Ultimately, the slots are all designed to do the same thing (refresh the brake pads), but different shapes no doubt impact the aggressiveness with which the pads are refreshed and also likely affect localized cooling of the disc. And speaking of cooling, the internal structure of ventilated rotors plays a very important role here. “The mass of the disc is the determining factor in how much energy the disc can absorb, while the design of the internal geometry helps improve the disc’s ability to shed the heat,” Mark explains. “The key factor in the use of a vented disc versus a solid disc is the increase in the ratio of disc surface area to mass. Heat transfer to the air occurs only on the surfaces of the disc that are directly exposed to air; so the more surface area, the better the disc can shed the heat.”

    Rotor Education Tech Talk Display Model
    This NASCAR braking system provides some interesting insight into disc slot design – note

    As for the internal vane structure of a ventilated disc, Mark adds: “There are limitless internal vane structures that are possible. Design of the vane structure has a dramatic effect on the performance of the brake disc. Some designs, such as directional curved-vane discs actually improve the airflow through the disc by turning the disc into a centrifugal pump. However, the cost of implementing this is increased due to the need for unique left- and right-hand discs. Brembo has patented a ‘pillar vane’ internal geometry that provides nearly all the airflow advantages of the curved vane discs while being able to use the same disc on both the left and right sides of the vehicle.”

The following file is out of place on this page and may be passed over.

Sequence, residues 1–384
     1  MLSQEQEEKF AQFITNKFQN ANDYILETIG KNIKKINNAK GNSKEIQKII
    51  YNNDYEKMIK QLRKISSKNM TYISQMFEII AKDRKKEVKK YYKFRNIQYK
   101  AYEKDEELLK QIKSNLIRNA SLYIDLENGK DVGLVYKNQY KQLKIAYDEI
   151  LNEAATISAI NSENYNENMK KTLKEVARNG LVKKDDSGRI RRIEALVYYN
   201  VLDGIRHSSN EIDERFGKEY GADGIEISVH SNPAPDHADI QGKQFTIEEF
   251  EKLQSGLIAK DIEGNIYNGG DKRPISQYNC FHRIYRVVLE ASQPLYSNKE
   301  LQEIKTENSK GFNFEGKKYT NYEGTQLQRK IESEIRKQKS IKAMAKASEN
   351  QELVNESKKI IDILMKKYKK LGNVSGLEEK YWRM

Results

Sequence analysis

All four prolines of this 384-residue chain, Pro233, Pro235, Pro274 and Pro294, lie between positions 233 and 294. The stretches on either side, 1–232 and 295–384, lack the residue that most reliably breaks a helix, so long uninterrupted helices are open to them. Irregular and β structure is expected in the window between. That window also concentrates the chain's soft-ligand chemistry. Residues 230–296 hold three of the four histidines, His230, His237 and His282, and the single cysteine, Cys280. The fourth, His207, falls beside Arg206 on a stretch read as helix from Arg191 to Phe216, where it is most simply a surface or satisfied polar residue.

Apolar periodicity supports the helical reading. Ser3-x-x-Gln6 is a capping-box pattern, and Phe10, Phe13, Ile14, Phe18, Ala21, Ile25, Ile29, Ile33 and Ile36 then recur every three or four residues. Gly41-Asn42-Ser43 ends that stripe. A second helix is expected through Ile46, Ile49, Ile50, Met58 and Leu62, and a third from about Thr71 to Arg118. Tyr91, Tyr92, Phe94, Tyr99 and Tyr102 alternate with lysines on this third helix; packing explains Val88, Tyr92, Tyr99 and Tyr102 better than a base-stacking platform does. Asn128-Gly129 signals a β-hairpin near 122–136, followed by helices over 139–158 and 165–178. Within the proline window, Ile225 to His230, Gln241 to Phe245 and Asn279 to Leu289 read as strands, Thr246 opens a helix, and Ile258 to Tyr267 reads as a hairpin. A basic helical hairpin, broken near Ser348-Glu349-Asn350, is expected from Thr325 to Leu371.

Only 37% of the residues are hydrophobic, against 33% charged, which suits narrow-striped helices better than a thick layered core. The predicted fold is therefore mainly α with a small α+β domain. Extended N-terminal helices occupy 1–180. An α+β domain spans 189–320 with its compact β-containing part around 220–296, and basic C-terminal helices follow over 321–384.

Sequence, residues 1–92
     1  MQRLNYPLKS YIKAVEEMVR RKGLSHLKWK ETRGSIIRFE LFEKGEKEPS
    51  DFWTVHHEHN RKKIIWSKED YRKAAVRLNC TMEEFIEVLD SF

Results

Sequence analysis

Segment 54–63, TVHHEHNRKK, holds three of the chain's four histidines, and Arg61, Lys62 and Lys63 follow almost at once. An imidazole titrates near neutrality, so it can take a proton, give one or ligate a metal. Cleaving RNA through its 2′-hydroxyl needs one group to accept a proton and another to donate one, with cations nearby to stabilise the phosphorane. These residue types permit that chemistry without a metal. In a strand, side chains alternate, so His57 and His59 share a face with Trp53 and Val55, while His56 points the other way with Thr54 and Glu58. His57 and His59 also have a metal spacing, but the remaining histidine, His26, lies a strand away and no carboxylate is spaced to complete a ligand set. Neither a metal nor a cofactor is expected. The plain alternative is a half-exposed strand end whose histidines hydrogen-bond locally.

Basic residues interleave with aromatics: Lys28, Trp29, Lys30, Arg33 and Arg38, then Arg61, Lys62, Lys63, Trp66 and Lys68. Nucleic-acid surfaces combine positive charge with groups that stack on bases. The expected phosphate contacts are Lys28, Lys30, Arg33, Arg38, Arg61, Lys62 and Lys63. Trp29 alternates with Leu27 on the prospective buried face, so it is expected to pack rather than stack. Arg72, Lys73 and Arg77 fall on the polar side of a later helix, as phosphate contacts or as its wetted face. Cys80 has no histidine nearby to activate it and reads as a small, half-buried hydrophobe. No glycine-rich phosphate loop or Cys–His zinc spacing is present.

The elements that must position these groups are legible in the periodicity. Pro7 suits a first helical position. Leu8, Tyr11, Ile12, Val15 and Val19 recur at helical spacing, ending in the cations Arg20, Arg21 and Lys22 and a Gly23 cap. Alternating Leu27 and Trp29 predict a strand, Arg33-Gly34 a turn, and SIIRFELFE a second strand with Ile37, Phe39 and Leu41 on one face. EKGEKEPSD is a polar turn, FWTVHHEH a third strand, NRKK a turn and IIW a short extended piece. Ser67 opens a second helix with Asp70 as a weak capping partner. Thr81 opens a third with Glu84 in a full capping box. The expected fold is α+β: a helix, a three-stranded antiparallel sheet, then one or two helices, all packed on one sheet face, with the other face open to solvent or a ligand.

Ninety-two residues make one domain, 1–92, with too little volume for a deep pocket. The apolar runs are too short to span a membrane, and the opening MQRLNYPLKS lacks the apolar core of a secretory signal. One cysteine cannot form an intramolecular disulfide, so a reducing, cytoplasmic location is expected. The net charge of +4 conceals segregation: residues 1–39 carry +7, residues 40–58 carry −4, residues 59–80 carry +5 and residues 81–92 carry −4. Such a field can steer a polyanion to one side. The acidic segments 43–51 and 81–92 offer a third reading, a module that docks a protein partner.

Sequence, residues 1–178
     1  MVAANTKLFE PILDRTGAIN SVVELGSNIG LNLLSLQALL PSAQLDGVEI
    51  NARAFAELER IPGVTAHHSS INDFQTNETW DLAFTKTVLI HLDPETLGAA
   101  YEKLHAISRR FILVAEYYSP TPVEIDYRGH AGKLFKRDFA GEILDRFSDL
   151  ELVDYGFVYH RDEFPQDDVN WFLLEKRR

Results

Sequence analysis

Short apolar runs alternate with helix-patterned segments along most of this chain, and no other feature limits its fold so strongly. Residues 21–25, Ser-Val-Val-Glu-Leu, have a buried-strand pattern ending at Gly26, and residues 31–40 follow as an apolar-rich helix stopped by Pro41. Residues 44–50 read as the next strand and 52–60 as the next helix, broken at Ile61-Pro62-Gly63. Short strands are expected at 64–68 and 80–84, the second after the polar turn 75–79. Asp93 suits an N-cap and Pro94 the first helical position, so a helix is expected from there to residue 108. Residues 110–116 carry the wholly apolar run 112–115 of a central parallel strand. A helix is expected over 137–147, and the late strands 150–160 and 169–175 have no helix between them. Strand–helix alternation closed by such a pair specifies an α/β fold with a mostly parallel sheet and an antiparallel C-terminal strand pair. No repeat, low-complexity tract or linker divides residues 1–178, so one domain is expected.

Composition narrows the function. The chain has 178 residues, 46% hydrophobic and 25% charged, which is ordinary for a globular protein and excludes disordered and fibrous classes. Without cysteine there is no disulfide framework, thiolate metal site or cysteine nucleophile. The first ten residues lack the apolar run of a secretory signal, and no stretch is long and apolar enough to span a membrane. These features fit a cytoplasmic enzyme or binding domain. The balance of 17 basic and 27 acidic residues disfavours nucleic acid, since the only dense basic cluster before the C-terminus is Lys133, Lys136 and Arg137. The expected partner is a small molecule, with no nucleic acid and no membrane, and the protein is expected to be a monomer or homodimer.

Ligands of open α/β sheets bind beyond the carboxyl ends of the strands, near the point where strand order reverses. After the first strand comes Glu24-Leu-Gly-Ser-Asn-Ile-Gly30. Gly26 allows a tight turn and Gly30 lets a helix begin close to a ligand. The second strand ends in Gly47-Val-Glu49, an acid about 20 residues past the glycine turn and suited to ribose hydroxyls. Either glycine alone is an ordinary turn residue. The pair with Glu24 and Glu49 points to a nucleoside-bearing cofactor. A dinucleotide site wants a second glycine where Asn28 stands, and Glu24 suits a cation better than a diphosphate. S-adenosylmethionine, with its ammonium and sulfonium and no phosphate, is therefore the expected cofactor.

Who knew so much technology goes into these seemingly simple iron discs (the material composition of brake rotors being a topic for another month). But when you consider just how vitally important the braking system is to safety and performance, it shouldn’t come as a surprise that industry leaders like Brembo are constantly looking for ways to improve the design of their brake discs.